Weekend Book Report (8/22/19):   For a change of pace and some reflection during a rare stretch of two rainy summer days in a row, I picked up one of Mexican spiritualist Don Miguel Ruiz’s latest book, “The Three Questions – How To Discover And Master The Power Within You” (HarperOne, 2018).  Ruiz, who draws upon ancient Toltec and neo-Shamanic traditions for his texts, is best known for his 1997 best-seller “The Four Agreements”, as well as other works.  This book is short, Ruiz’s words are gentle, as uses several analogies to help the reader get rid of the clutter, assumptions and angst they may have in their lives.  Using the example of “me” (i.e., the ego-driven concerns, anxieties and expectations of day to day living), Ruiz compares the mind as having a “government in your head”, with an executive, legislative and judicial branch, all with certain conditions and judgements, which can be forgiving or unforgiving, autocratic or benevolent, depending on the issue.  He gives the reader insightful tools (in many cases, without overtly mentioning them) on how to work with those issues, which usually arise from asking the “three questions” – Who am I, What is real, and What is Love?   It’s not as impactful as “Four Agreements”, but Ruiz’s style makes for a pleasant read and a opportunity for reflection.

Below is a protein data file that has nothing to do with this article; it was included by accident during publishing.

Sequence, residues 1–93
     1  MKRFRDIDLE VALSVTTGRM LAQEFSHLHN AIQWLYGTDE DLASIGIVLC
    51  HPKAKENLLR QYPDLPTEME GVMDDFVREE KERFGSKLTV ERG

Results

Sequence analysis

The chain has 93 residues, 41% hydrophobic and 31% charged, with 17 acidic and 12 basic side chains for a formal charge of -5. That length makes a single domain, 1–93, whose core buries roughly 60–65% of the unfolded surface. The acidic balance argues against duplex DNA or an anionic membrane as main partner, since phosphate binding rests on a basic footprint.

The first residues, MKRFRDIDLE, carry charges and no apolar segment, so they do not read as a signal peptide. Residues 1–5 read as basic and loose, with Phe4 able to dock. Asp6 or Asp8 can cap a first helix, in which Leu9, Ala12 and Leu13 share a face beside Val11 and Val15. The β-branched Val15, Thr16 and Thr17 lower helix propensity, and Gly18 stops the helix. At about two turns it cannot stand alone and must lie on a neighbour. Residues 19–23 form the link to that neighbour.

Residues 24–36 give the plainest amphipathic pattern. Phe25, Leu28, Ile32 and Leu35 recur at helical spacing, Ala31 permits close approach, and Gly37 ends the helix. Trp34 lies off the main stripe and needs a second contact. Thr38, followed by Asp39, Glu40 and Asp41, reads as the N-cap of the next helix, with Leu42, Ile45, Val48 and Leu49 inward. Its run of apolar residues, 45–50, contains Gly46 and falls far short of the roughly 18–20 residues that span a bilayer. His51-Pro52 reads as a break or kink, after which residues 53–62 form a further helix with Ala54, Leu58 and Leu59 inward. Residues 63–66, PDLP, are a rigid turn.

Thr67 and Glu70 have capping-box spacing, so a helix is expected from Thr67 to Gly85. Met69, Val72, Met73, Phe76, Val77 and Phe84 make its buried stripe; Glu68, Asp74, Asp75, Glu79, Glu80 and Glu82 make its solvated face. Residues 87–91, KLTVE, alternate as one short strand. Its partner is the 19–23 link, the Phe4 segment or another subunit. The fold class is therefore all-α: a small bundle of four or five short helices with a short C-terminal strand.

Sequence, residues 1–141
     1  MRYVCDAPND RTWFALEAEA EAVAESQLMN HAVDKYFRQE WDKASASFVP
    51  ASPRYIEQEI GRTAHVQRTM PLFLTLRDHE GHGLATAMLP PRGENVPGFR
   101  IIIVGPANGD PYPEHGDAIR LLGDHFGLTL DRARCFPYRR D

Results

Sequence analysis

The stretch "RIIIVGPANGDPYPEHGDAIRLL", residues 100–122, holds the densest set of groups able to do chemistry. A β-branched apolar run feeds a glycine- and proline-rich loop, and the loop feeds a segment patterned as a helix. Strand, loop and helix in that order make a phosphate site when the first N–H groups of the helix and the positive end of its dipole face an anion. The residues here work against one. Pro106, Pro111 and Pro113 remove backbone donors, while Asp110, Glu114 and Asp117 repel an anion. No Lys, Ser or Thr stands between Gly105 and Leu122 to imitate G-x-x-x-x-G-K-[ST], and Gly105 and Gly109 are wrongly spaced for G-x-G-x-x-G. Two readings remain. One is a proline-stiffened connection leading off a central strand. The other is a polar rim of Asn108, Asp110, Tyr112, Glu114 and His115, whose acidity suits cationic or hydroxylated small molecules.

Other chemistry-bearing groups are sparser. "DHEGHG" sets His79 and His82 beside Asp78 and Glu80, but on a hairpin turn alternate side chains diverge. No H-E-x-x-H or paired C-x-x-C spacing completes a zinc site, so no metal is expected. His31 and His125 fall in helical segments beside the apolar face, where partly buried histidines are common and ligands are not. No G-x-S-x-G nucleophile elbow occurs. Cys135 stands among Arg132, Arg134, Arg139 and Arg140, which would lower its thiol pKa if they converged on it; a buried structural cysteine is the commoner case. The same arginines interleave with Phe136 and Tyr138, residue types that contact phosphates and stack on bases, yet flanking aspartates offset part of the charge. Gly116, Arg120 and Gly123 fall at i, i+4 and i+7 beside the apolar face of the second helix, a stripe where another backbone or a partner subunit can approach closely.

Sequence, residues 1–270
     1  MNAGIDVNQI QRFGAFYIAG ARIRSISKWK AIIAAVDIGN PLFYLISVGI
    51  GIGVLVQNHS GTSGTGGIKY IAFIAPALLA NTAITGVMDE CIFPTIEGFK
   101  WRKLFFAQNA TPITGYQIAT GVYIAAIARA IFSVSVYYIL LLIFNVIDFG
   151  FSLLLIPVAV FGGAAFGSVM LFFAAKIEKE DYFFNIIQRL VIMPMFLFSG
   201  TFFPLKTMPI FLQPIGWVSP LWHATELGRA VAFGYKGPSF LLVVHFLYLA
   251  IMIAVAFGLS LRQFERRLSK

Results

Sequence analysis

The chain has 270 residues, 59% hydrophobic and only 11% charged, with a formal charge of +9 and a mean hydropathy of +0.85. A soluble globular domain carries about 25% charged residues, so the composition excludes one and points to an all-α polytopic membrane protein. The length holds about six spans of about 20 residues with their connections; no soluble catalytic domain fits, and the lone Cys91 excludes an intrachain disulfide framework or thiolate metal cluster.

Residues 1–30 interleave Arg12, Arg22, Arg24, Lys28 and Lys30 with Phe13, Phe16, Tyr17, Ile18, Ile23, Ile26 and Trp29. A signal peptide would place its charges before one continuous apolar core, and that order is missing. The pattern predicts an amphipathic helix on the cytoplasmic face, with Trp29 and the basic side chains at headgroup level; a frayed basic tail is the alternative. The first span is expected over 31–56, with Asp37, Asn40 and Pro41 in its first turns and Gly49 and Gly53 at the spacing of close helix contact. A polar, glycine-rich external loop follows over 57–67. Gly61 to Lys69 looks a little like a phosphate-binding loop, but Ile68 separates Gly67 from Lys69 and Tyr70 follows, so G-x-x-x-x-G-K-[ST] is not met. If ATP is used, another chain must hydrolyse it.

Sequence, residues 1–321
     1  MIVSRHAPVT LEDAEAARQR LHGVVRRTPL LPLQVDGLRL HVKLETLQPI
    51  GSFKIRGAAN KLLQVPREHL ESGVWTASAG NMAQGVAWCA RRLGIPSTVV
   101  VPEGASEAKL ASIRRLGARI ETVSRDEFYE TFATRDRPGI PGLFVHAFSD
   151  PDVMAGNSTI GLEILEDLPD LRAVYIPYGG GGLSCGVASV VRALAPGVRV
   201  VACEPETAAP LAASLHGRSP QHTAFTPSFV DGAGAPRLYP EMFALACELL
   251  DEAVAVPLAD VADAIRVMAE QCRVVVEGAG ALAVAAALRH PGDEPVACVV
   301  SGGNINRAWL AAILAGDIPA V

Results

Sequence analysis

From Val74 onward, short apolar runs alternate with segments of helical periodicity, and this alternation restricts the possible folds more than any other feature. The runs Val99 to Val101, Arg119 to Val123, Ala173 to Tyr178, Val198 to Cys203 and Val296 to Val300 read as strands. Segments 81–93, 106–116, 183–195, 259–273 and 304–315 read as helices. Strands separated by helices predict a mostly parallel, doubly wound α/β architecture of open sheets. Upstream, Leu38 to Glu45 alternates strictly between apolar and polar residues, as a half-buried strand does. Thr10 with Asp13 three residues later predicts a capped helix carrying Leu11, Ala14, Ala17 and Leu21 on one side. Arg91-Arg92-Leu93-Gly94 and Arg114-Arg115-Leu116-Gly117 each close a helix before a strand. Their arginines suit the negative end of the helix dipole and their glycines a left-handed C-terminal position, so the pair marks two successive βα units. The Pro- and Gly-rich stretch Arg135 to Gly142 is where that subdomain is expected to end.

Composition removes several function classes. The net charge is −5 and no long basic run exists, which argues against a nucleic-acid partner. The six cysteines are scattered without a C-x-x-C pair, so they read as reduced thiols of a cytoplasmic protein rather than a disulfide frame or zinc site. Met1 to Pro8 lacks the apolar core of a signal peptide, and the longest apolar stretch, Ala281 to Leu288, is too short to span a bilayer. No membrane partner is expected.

It’s available at your local public library or independent book store.